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Zika Virus Infection

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Riddhi Patel, MD | Image – Vitma/Shutterstock |

If you’ve turned on the news recently chances are you’ve heard about the infamous Zika Virus. The virus has come into the spotlight due to recent outbreaks and its link with birth defects. Healthcare professionals should know about this virus, it’s clinical presentation, and the resulting neurologic defects.

What is the Zika Virus?

The virus was first discovered in the Zika forest in Africa in 1947. It had remained confined to Africa and Asia until 2015 when it began to spread to the Americas. As of February 2016 Zika virus has been identified in 31 countries including the United States. The virus is part of the Flavivirus genus and is spread through Aedes mosquitoes. These mosquitoes usually bite during the daytime hours, particularly early and late afternoon. It is related to other well known flaviviruses including West Nile Virus and dengue.

Transmission

The virus is primarily transmitted through mosquitoes however there are several other forms of transmission. The virus has been shown to remain in the blood of an infected individual for days to a week and in semen for 62 days after onset of symptoms. It has been seen in pregnancy for 10 weeks after symptoms begin and can result in intrauterine or intrapartum infection.

Signs & Symptoms

Clinical manifestations occur in only 1 out of 5 people infected with Zika virus. Patients may present with fever, maculopapular rash, conjunctivitis, fatigue, headaches, muscle and joint pain. Asking patients with any of these symptoms about their travel history is important. The symptoms are usually mild, lasting a few days before resolving.

Complications

Although the clinical picture of Zika virus is mild, it can result in grave complications. The CDC has recently announced that there is enough evidence to state that Zika virus infection during pregnancy is the cause of birth defects. It can also cause fetal death, placental insufficiency, and central nervous system injury during pregnancy. Eye defects and hearing loss have also been identified in infants infected with Zika. The greatest risk of malformations is infection during the first trimester.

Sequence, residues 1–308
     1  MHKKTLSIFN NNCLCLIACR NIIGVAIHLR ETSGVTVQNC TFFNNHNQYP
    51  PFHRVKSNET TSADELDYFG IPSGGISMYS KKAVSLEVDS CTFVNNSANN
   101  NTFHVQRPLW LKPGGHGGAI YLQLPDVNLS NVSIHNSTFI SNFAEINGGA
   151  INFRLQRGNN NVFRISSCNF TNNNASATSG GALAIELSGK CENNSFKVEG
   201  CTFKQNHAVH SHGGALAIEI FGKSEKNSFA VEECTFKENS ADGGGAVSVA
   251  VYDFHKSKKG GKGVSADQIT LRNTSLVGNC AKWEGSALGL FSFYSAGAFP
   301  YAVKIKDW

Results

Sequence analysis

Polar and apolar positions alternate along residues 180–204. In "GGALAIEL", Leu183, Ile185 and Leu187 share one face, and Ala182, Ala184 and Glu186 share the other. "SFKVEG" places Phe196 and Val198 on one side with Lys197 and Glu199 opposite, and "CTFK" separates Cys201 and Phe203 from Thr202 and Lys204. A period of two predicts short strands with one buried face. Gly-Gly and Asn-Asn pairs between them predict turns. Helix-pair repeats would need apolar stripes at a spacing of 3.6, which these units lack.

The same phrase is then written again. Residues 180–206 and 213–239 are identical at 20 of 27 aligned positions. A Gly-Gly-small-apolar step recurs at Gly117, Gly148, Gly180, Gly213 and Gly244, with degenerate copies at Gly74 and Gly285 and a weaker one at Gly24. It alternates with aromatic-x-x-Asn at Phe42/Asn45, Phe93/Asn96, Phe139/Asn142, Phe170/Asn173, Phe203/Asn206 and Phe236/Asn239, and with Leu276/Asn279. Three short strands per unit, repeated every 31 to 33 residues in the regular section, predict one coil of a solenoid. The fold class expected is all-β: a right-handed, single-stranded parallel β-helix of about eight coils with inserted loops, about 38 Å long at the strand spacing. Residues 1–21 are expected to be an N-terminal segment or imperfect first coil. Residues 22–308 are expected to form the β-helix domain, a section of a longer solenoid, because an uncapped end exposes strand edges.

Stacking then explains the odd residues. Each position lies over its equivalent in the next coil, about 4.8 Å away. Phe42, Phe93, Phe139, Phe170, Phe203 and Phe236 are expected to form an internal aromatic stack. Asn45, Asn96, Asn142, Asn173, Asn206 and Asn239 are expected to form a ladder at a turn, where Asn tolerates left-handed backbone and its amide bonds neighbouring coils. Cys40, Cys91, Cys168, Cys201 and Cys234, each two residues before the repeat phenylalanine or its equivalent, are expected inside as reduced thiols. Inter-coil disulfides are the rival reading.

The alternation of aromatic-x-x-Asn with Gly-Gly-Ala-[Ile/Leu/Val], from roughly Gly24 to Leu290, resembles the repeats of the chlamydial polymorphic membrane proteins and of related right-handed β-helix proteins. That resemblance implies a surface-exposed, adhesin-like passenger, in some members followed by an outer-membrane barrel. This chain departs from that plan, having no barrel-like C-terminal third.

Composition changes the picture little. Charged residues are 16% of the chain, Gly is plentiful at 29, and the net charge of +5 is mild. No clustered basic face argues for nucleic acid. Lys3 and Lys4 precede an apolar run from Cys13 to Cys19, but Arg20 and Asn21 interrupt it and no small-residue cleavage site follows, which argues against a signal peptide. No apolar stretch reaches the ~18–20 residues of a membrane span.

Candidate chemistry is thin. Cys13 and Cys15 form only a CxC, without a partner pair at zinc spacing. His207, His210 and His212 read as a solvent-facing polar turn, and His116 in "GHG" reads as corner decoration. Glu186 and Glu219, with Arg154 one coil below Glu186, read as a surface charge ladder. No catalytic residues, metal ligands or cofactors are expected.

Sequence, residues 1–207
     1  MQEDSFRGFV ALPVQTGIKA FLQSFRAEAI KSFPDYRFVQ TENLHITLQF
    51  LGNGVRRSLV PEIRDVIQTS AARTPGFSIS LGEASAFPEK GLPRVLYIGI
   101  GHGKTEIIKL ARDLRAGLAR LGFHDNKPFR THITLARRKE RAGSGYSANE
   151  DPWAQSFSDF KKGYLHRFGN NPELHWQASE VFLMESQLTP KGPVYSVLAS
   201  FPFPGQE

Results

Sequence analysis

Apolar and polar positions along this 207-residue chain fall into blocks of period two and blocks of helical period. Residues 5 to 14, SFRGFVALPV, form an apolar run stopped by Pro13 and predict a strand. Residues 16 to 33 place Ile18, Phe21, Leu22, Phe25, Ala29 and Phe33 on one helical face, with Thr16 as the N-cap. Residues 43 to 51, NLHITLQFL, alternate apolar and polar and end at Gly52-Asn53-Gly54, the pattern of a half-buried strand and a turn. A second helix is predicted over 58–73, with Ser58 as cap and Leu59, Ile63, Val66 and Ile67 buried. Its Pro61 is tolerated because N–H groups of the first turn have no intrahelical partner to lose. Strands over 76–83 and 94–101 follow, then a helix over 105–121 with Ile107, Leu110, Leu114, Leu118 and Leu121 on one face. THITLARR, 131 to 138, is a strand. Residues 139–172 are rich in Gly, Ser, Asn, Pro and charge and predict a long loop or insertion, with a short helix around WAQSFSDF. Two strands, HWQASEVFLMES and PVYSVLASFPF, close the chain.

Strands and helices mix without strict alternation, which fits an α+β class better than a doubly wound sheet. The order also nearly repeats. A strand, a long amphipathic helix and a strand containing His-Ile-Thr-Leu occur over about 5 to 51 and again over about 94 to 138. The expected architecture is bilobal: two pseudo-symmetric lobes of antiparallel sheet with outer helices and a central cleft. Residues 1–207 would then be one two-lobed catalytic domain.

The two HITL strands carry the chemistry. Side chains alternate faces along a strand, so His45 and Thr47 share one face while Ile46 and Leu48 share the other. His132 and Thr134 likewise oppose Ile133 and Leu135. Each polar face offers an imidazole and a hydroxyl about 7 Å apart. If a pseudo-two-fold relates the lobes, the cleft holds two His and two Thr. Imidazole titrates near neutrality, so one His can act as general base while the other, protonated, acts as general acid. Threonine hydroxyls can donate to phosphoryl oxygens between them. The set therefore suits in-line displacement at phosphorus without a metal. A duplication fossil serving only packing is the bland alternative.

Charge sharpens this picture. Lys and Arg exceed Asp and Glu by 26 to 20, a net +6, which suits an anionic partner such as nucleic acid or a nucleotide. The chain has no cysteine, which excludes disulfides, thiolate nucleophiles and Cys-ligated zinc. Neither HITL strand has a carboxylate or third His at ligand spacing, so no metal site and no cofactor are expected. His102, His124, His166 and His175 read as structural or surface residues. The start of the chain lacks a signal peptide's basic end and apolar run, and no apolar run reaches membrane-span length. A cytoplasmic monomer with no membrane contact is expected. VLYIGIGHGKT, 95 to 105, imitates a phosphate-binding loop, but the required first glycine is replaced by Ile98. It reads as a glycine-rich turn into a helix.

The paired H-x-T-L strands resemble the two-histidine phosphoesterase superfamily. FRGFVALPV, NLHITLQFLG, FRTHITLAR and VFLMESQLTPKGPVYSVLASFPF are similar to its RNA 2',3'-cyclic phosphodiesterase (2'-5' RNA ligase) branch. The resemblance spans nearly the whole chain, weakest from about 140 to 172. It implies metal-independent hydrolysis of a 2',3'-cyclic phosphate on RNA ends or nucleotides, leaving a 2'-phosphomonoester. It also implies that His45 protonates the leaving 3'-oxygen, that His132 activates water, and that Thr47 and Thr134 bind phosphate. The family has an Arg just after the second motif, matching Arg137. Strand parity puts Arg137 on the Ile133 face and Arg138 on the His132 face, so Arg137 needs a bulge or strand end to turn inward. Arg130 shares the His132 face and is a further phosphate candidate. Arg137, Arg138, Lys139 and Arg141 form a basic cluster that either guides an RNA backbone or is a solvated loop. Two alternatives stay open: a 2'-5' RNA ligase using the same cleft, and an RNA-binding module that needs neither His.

Zika virus has also been shown to cause Guillan-Barre Syndrome, a disorder in which the body’s immune system damages the peripheral nervous system resulting in rapid onset ascending muscle weakness.

What to do?

The treatment of Zika virus symptoms is similar to treatment for any other virus. Rest, hydration, and symptomatic management. There is no vaccine available for prevention of the virus but several personal preventive measures can be taken such as wearing long-sleeves and pants, staying indoors as much as possible, and using insect repellants. Pregnant women should avoid traveling to areas where Zika transmission is high. Women of childbearing age with Zika infection or exposure should wait at least 8 weeks before trying to conceive.

Staying up to date

This topic is being heavily researched and it is important for healthcare providers to stay up to date on information and recommendation. Online updates can be viewed at the World Health Organization and Centers for Disease Control websites.

References:

  1. Fauci, Anthony. Zika Virus in the Americas. The New England Journal of Medicine. 2016; 374:601-604
  2. Centers for Disease Control and Prevention. Zika virus: Transmission. http://www.cdc.gov/zika/transmission/index.html
  3. World Health Organization. Zika virus. http://www.who.int/mediacentre/factsheets/zika/en/
  4. Sexton, Daniel. Zika virus infection. Up to date. 2016.

2 COMMENTS

  1. Just came across one article here. Researchers have found the evidence of Zika virus and paralytic disease. “absolutely terrifying”

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